One of the first balancing poses you're going to encounter in yoga is Vrksasana, or Tree Pose. It looks simple, but it can prove to be difficult if you don't get the basics of balancing down pat. To plant strong roots in Tree Pose, a few small changes can make a huge difference in your practice.
- Feet first: You've got to build Tree Pose from the ground up. A solid foundation with your standing leg sets your body up for success. Spread your toes wide to get rooted; all four corners of your foot should have contact with your mat. Only after you've done this should you try to shift your weight into your standing leg and move into the pose.
- Keep calm: If you're worried about falling out of Tree Pose the second you step up into it, it's inevitable that it will happen. Release any unnecessary tension anywhere from your body. I like to open my mouth a few times to make sure I'm not holding any tightness in my jaw. Remember that there's no need to rush into Tree or any other pose — take a few moments to breathe deep and get your bearings together. If you step up with calm confidence, you're far more likely to stick with it.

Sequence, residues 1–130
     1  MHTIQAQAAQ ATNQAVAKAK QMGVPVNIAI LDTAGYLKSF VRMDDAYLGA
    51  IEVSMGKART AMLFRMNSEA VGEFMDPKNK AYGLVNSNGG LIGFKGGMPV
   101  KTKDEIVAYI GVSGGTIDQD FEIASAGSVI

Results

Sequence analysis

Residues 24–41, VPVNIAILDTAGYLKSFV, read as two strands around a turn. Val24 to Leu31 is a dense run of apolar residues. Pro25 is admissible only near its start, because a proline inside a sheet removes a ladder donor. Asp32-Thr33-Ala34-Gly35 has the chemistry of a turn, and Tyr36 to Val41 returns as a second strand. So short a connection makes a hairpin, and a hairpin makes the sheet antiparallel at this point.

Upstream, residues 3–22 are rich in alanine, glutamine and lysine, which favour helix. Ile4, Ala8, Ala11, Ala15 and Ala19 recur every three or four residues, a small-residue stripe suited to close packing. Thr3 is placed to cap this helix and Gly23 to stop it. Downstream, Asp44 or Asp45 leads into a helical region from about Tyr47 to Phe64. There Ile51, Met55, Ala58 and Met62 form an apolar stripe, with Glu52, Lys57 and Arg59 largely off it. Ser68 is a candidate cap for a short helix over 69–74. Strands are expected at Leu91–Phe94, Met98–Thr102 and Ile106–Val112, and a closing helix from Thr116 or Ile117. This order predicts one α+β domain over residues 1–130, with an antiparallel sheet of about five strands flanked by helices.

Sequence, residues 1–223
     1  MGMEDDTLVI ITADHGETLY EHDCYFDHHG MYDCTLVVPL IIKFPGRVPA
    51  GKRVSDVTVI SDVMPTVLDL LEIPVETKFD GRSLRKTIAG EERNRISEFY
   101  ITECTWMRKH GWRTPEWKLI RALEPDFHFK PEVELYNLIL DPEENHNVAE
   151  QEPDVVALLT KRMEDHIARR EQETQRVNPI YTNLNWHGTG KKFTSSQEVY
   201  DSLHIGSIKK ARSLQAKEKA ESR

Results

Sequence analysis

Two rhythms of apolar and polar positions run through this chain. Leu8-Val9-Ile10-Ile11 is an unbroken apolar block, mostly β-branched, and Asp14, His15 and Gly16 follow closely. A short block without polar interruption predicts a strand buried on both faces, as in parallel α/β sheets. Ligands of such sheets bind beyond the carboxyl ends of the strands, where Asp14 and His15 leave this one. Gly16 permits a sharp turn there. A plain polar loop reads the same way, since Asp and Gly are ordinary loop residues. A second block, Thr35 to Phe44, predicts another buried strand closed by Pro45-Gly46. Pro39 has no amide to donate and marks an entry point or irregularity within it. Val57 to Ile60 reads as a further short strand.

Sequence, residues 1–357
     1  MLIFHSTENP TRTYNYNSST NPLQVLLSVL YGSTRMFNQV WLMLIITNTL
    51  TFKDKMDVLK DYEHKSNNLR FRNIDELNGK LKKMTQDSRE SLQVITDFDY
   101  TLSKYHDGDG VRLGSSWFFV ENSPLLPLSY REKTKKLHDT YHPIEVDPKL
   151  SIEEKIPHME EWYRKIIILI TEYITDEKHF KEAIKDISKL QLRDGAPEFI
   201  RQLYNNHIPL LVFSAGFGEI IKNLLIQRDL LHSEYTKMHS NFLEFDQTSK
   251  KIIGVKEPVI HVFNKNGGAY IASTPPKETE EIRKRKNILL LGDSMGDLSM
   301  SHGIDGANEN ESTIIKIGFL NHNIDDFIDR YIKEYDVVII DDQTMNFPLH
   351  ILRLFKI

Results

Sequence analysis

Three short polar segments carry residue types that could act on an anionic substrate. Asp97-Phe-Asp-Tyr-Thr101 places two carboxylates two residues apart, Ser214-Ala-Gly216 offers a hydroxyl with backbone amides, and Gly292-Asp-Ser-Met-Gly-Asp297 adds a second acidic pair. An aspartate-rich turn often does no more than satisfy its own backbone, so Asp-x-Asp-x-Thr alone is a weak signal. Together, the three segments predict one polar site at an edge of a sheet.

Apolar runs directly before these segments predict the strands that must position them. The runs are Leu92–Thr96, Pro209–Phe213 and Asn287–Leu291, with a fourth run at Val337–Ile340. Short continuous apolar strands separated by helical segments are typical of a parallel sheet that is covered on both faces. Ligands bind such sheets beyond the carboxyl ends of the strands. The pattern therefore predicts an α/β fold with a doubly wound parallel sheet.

- Choose a drishti: Your drishti simply refers to your gaze, or where you look in a pose. When you don't have a strong, unwavering point of focus, it's very easy to fall out of any balancing posture in yoga. Choose a spot on the wall in front of you that won't change, don't check out everyone around the room, and commit yourself to the posture.
- Don't force it: Your body may not be ready for the full expression of Tree Pose. There's no need to pass judgment on yourself! Instead of taking your foot above your knee or bringing your arms toward the sky, let your foot gently rest on your calf and continue to press your hands together in prayer. You're still working on building balance, and you'll still reap the benefits of this pose regardless of whatever variation you take.